For decades, America’s elites failed to see that the transnational moment of the post-Cold War era was passing and an era of rising nationalism and tribalism was at hand. “We live in a time,” said U2’s Bono this week, “when institutions as vital to human progress as the United Nations are under attack.” The institutions Bono referenced — the U.N., EU, NATO — all trace their roots to the 1940s and 1950s, a time that bears little resemblance to the era we have entered, an era marked by a spreading and desperate desire of peoples everywhere to preserve who and what they are.

No, Trump didn’t start the fire. The world was ablaze with tribalism and was raising up authoritarians to realize nationalist ends — Xi Jinping, Putin, Narendra Modi in India, Erdogan in Turkey, Gen. el-Sissi in Egypt — before he came down that escalator. And so the elites who were in charge when the fire broke out, and who failed to respond and refused even to recognize it, and who now denounce Trump for how he is coping with it, are unlikely to be called upon again to lead this republic.

How to Topple a Dictator (Peacefully)….assuming you aren’t co-opted by the more violent.

(This piece comes from The New York times opinionator blog) “Several years ago, before their protest movement was co-opted by violence, a group of young Syrians looking for a way to topple President Bashar al-Assad traveled to an isolated beach resort outside Syria to take a weeklong class in revolution. The teachers were Srdja Popovic and Slobodan Djinovic — leaders of Otpor, a student movement in Serbia that had been instrumental in the overthrow of Slobodan Milosevic in 2000. After then helping the successful democracy movements in Georgia and Ukraine. This is what they taught.”

“Myth: Nonviolence is synonymous with passivity. No, nonviolent struggle is a strategic campaign to force a dictator to cede power by depriving him of his pillars of support. In the first hours of the Syrians’ workshop, some participants announced that violence was the only way to topple Assad. Every workshop begins this way, in part because some people think the Serbs are going to teach them to look beatific and meditate. Popovic said out loud what many were thinking: “So you just ask Assad to go away? Please, Mr. Assad, please can you not be a murderer anymore?” Popovic whined. “It’s not nice.”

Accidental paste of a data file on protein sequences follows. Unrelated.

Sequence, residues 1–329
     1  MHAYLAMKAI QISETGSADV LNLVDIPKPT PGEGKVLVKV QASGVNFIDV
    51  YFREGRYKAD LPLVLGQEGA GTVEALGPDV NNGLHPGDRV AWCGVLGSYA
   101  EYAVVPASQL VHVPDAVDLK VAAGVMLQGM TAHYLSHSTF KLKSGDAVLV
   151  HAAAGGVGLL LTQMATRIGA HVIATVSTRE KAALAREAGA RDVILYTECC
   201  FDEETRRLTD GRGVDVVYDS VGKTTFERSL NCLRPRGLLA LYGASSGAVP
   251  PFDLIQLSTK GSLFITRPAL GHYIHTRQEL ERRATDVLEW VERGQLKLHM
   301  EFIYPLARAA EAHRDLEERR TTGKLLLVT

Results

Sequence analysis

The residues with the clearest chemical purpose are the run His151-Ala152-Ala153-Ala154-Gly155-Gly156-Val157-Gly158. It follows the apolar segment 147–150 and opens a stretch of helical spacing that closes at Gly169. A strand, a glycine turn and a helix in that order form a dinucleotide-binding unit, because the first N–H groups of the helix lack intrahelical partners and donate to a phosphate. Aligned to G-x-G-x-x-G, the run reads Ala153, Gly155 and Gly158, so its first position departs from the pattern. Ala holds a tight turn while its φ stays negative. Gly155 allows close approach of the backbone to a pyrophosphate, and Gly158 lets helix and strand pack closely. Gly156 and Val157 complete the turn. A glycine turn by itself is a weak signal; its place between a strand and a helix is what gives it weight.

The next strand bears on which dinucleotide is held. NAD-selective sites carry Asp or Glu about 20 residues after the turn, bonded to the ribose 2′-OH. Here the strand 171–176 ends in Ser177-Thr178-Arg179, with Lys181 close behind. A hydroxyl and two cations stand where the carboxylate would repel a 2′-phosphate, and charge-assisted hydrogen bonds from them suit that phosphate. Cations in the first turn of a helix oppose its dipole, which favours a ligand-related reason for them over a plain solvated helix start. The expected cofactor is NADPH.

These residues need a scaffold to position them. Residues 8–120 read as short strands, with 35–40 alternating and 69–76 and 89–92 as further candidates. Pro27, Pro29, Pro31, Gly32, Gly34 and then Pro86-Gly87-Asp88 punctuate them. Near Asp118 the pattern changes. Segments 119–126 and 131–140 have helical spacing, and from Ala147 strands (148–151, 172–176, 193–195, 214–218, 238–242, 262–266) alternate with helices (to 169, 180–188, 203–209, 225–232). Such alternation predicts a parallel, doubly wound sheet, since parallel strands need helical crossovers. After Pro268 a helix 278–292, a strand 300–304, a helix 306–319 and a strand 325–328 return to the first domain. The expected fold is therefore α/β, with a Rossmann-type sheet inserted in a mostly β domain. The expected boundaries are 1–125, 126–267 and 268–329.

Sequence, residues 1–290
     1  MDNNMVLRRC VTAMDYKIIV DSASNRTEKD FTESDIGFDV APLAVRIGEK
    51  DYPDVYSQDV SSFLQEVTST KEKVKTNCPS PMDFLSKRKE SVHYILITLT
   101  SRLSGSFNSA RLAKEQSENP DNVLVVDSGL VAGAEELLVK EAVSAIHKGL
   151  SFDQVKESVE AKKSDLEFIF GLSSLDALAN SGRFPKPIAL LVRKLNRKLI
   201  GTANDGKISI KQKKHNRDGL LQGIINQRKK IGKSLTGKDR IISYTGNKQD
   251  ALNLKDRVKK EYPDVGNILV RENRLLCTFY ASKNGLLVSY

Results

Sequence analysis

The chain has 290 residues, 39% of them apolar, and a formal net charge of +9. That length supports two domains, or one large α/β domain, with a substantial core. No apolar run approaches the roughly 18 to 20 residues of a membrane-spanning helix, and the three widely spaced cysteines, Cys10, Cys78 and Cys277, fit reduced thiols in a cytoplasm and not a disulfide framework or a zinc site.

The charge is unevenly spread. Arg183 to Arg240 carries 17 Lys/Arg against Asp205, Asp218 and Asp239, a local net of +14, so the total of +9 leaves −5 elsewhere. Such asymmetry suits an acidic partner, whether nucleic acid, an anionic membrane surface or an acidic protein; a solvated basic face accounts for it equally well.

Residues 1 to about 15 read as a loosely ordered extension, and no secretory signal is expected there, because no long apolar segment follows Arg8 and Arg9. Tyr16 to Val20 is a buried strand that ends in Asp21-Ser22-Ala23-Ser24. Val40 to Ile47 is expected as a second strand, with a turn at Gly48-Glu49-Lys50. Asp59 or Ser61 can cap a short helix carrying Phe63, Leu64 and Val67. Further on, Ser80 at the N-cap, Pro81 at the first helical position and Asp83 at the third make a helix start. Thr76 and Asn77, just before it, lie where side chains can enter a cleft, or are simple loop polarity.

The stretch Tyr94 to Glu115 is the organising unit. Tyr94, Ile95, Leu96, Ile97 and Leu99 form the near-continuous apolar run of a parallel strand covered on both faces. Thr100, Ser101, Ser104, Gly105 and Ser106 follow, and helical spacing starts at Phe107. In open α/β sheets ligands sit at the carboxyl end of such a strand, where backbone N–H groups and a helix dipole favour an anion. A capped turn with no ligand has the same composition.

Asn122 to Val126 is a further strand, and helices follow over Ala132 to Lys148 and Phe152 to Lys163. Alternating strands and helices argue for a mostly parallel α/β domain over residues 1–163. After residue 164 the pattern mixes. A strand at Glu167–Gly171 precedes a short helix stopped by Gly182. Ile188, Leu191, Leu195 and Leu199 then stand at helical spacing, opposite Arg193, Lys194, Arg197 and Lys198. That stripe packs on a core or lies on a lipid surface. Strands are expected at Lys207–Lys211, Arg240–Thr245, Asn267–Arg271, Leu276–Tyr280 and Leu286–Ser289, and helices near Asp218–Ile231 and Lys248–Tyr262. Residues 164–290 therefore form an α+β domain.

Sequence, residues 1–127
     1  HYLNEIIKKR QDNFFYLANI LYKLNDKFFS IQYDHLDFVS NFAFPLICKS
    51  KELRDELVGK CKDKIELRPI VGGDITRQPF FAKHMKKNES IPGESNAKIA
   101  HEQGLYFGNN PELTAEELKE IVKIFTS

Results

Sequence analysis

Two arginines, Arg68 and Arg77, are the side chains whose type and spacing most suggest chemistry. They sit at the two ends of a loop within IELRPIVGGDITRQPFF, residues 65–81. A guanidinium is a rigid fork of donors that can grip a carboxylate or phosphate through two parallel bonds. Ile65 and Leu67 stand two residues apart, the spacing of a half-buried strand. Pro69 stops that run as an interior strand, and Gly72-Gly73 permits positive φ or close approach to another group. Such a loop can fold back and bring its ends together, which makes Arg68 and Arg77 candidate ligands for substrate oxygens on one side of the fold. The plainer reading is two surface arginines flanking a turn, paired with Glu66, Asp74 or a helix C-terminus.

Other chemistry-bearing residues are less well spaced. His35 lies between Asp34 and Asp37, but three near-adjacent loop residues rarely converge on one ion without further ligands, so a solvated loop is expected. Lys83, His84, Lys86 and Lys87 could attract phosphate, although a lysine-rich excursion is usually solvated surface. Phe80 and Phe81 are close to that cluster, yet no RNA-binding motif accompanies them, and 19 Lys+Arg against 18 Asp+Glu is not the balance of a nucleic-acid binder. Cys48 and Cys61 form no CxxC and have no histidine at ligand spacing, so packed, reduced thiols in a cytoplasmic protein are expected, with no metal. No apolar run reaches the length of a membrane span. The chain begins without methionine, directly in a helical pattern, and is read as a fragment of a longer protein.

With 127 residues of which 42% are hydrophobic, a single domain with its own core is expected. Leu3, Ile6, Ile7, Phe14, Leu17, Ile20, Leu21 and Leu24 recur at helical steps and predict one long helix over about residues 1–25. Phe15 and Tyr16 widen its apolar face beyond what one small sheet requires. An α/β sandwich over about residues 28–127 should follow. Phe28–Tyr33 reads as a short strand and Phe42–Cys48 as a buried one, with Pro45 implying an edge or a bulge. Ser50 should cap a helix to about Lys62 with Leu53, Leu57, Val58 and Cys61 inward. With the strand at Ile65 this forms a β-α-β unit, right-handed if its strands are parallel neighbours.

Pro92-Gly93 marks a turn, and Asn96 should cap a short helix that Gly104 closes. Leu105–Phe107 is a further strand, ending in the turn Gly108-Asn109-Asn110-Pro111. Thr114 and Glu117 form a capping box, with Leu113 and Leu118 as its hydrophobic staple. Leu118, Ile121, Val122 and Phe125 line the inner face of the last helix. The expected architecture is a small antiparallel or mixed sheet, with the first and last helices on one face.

“Just the opposite, said Djinovic: “We’re here to plan a war.” Nonviolent struggle, Djinovic explained, is a war — just one fought with means other than weapons. It must be as carefully planned as a military campaign. Over the next few days, the Serbs taught the young Syrians the techniques they had developed for taking power: How do you grow a movement from a vanload of people to hundreds of thousands? How do you win to your side the groups whose support is propping up the dictator? How do you wage this war safely when any kind of gathering can mean long prison terms, torture or death? How do you break through people’s fear to get them out into the street?

“Myth: The most successful nonviolent movements arise and progress spontaneously. No general would leave a military campaign to chance. A nonviolent war is no different.

“Myth: Nonviolent struggle’s major tactic is amassing large concentrations of people. This idea is widespread because the big protests are like the tip of an iceberg: the only thing visible from a distance. Did it look like the ousting of Mubarak started with a spontaneous mass gathering in Tahrir Square? Actually, the occupation of Tahrir Square was carefully planned, and followed two years of work. The Egyptian opposition waited until it knew it had the numbers. Mass concentrations of people aren’t the beginning of a movement, Popovic writes. They’re a victory lap.